One blood sample was collected from each of the 20 healthy controls at a single time point. For the 26 patients enrolled in the study, all patients had preoperative and postoperative day 3 blood samples drawn. Twenty-four of 26 samples were collected at 1 month after operation; 2 patients did not return for the 1-month follow-up visit. Three months after hepatectomy, 21 of 26 patients had blood samples collected; 1 patient died of disease, and 5 patients did not return for this follow-up visit. Overall, 97 of 104, or 93%, of patient blood samples were collected.

Plasma samples were measured for VEGF, bFGF, EGF, and HGF by using the following commercially available enzyme-linked immunosorbent assay (ELISA) kits: Quantikine Human VEGF ELISA Kit, Quantikine bFGF HS ELISA Kit, Human EGF Quantikine ELISA Kit, and Quantikine Human HGF Immunoassay (all from R&D Systems, Minneapolis, MN). The manufacturer’s protocols were followed, and samples were measured in duplicate. ELISA plates were read by using the Emax Precision Microplate Reader (Molecular Devices, Sunnyvale, CA), and sample values were determined against four parameter standard curves. The mean value of duplicate samples was used as the final concentration.

To calculate a preoperative adjusted total value (ATV) for all four factors for each patient, the mean of each factor was subtracted from the individual factor and then divided by the standard deviation to obtain a standardized value (SV). The SVs of all four factors were then totaled for each patient to give an ATV:
$$ {{\rm{ATV = SV}}_{{{\rm{VEGF}}}} + {\rm{ SV}}_{{{\rm{bFGF}}}} + {\rm{ SV}}_{{{\rm{EGF}}}} + {\rm{ SV}}_{{{\rm{HGF}}}} } $$

Clinical Data

Demographic data for the healthy controls, including age and sex, were recorded at the time of blood collection. Clinical information regarding patients was obtained from the institution’s prospective hepatobiliary database and from medical records. Details of the primary colorectal cancer and treatment were recorded and included site, tumor-node-metastasis stage, and surgical treatment. The disease-free interval was calculated from the time of colorectal cancer resection to the time of diagnosis of liver metastases. Patients were fully staged before liver resection with at least a chest/abdomen/pelvis computed tomographic scan, and all cases were presented at a twice-weekly hepatobiliary conference. Details regarding extent of liver resection, pathologic findings, and adjuvant chemotherapy were recorded. The size, number, and location of liver metastases were determined by review of preoperative imaging and pathology reports.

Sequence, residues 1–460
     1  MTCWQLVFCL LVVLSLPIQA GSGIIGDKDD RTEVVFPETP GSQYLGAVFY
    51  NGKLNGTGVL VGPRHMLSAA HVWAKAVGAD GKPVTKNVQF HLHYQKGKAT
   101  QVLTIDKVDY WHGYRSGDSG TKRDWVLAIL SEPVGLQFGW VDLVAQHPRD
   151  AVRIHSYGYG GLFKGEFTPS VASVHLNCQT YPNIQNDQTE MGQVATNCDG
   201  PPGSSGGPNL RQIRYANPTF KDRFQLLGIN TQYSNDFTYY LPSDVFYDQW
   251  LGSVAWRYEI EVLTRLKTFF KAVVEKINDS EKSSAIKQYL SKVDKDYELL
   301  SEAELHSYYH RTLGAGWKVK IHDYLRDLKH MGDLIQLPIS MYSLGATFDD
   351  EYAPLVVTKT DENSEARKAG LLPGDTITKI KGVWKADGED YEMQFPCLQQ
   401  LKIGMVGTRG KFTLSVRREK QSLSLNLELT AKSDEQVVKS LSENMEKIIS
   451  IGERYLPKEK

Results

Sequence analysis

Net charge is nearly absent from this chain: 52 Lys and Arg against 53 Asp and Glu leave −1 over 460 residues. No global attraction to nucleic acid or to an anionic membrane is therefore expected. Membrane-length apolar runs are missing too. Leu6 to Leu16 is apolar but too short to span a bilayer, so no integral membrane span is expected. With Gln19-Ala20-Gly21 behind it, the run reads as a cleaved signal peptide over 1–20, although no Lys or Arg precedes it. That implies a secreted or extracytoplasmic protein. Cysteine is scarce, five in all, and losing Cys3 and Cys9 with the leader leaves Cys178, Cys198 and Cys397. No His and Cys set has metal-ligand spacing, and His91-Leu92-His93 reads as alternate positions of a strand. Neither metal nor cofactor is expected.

Statistical Analysis

This pilot study was originally designed for 50 patients and 20 healthy controls. The sample size was not chosen on the basis of power considerations but rather was driven by expected accrual. When enrollment was slower than anticipated, the study was terminated at 26 patients, and the data were analyzed. Levels of angiogenic factors between patients and controls were compared by using the Wilcoxon rank sum test. Within patients, postoperative levels were compared with baseline by using the Wilcoxon signed rank test. Recurrence-free survival was evaluated for 24 patients who underwent resection of their colorectal cancer liver metastases. Survival curves were estimated by the Kaplan-Meier method23 by using the statistical software package SPSS 11.0.1 (SPSS Inc., Chicago, IL) and were compared for various factors by using the log-rank test.

RESULTS

Characteristics of Patients and Primary Colorectal Cancer

Twenty-six patients with colorectal cancer liver metastases that were considered surgically resectable were enrolled into this study over a 1-year period. The median age of patients was 64 years (range, 32–86 years), and there were 18 men (69%) and 8 (31%) women. Twenty healthy controls were chosen with a median age of 60 years; 14 controls (70%) were men, and 6 (30%) were women.